Niketana: 16 definitions

Introduction:

Niketana means something in Hinduism, Sanskrit, Buddhism, Pali, Marathi. If you want to know the exact meaning, history, etymology or English translation of this term then check out the descriptions on this page. Add your comment or reference to a book if you want to contribute to this summary article.

In Hinduism

Purana and Itihasa (epic history)

[«previous next»] — Niketana in Purana glossary
Source: Wisdom Library: Bhagavata Purana

Niketana (निकेतन):—Son of Sunītha (son of Santati). His son was called Dharmaketu. (see Bhāgavata Purāṇa 9.17.8)

Purana book cover
context information

The Purana (पुराण, purāṇas) refers to Sanskrit literature preserving ancient India’s vast cultural history, including historical legends, religious ceremonies, various arts and sciences. The eighteen mahapuranas total over 400,000 shlokas (metrical couplets) and date to at least several centuries BCE.

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Vastushastra (architecture)

Source: Wisdom Library: Vāstu-śāstra

Niketana (निकेतन) is a Sanskrit technical term denoting a “residence” in general, according to the lists of synonyms given in the Mayamata XIX.10-12 and the Mānasāra XIX.108-12, both populair treatises on Vāstuśāstra literature.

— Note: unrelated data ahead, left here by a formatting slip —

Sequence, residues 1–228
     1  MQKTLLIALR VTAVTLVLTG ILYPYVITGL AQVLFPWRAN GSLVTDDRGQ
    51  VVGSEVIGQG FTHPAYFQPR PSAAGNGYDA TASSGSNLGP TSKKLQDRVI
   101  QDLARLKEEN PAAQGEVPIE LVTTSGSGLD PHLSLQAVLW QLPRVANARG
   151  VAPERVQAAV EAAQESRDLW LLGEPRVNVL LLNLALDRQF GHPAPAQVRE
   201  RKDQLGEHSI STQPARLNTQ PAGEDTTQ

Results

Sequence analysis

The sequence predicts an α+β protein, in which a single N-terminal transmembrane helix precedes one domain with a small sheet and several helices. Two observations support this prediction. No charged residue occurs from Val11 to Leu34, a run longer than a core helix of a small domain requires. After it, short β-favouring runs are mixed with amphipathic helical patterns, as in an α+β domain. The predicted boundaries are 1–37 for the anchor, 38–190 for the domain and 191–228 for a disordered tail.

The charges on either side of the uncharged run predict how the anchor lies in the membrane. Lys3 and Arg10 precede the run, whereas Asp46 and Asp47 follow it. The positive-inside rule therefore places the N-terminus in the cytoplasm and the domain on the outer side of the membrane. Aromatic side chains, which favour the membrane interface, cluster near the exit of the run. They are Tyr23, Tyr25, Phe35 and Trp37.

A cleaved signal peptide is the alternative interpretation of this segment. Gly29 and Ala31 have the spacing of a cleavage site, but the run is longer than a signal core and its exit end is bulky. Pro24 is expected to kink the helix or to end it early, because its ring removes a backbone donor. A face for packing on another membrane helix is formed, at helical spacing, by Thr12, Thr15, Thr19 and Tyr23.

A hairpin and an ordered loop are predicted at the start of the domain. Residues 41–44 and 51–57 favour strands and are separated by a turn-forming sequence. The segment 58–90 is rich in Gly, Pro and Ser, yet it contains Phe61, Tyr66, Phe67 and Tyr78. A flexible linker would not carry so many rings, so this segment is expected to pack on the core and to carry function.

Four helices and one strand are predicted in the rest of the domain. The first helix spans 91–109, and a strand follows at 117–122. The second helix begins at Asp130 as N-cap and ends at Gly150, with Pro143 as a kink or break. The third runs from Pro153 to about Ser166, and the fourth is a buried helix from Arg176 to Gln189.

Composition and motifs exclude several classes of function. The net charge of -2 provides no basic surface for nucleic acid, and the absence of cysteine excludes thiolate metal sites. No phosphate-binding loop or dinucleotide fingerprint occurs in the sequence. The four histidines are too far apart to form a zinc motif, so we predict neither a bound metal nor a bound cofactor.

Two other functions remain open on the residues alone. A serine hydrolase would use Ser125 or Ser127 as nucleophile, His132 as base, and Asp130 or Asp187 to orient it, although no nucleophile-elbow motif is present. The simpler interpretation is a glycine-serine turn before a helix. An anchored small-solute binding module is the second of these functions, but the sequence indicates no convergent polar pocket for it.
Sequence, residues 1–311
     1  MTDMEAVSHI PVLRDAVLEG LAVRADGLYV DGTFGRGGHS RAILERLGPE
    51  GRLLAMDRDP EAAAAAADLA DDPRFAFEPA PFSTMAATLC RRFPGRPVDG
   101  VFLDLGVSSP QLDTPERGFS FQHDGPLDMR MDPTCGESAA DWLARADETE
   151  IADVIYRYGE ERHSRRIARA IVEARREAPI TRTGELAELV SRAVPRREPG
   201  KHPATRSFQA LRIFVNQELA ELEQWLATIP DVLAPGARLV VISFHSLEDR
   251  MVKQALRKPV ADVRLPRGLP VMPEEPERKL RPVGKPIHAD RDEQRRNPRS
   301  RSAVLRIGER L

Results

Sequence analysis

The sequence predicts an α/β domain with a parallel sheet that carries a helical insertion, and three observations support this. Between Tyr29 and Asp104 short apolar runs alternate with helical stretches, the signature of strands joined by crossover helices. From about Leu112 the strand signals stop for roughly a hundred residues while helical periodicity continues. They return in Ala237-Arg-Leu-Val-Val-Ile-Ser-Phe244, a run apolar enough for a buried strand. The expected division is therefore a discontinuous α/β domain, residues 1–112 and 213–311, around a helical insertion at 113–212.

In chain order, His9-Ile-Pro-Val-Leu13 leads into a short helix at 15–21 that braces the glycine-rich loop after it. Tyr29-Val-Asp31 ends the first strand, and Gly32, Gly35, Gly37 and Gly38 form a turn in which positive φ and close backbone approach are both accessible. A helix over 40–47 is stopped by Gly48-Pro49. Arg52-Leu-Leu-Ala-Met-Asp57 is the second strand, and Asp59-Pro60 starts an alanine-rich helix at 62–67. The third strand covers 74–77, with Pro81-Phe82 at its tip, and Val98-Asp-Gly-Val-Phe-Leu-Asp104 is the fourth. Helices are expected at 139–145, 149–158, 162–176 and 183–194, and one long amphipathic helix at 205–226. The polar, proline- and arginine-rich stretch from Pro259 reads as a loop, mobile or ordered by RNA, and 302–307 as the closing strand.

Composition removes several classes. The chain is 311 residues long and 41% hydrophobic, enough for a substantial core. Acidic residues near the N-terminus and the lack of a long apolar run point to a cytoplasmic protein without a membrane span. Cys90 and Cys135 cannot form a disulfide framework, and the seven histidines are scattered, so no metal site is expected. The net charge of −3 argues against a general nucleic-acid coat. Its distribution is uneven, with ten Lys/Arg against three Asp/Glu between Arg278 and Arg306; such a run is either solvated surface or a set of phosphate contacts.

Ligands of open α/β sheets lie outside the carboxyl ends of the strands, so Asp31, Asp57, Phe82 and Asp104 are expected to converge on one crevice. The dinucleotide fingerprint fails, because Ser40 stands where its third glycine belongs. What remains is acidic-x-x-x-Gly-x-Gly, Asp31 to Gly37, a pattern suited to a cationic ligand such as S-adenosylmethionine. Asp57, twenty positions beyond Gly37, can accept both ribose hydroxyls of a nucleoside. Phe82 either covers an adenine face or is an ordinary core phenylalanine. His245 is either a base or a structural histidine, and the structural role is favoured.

Vastushastra book cover
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Vastushastra (वास्तुशास्त्र, vāstuśāstra) refers to the ancient Indian science (shastra) of architecture (vastu), dealing with topics such architecture, sculpture, town-building, fort building and various other constructions. Vastu also deals with the philosophy of the architectural relation with the cosmic universe.

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Shaktism (Shakta philosophy)

Source: Google Books: Manthanabhairavatantram

Niketana (निकेतन) refers to an “abode”, according to Arṇasiṃha’s Mahānayaprakāśa verse 134.—Accordingly, “The Śāmbhava (state) is the one in which the power of consciousness (citi) suddenly (sahasā) dissolves away into the Great Void called the Inactive (niḥspanda) that is profound and has no abode [i.e., aniketana]. Cognitive awareness (jñāna) arises here in the form of a subtle wave of consciousness out of that ocean of emptiness, which is the perfectly peaceful condition of the dissolving away of destruction. [...] Again, that same (principle) free of the cognitive process (saṃvittikalanā) is the supreme absolute (niruttara) said to be the Śāmbhava state of emptiness (vyomaśāmbhava)”.

Shaktism book cover
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Shakta (शाक्त, śākta) or Shaktism (śāktism) represents a tradition of Hinduism where the Goddess (Devi) is revered and worshipped. Shakta literature includes a range of scriptures, including various Agamas and Tantras, although its roots may be traced back to the Vedas.

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Languages of India and abroad

Pali-English dictionary

[«previous next»] — Niketana in Pali glossary
Source: BuddhaSasana: Concise Pali-English Dictionary

niketana : (nt.) abode; home.

Pali book cover
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Pali is the language of the Tipiṭaka, which is the sacred canon of Theravāda Buddhism and contains much of the Buddha’s speech. Closeley related to Sanskrit, both languages are used interchangeably between religions.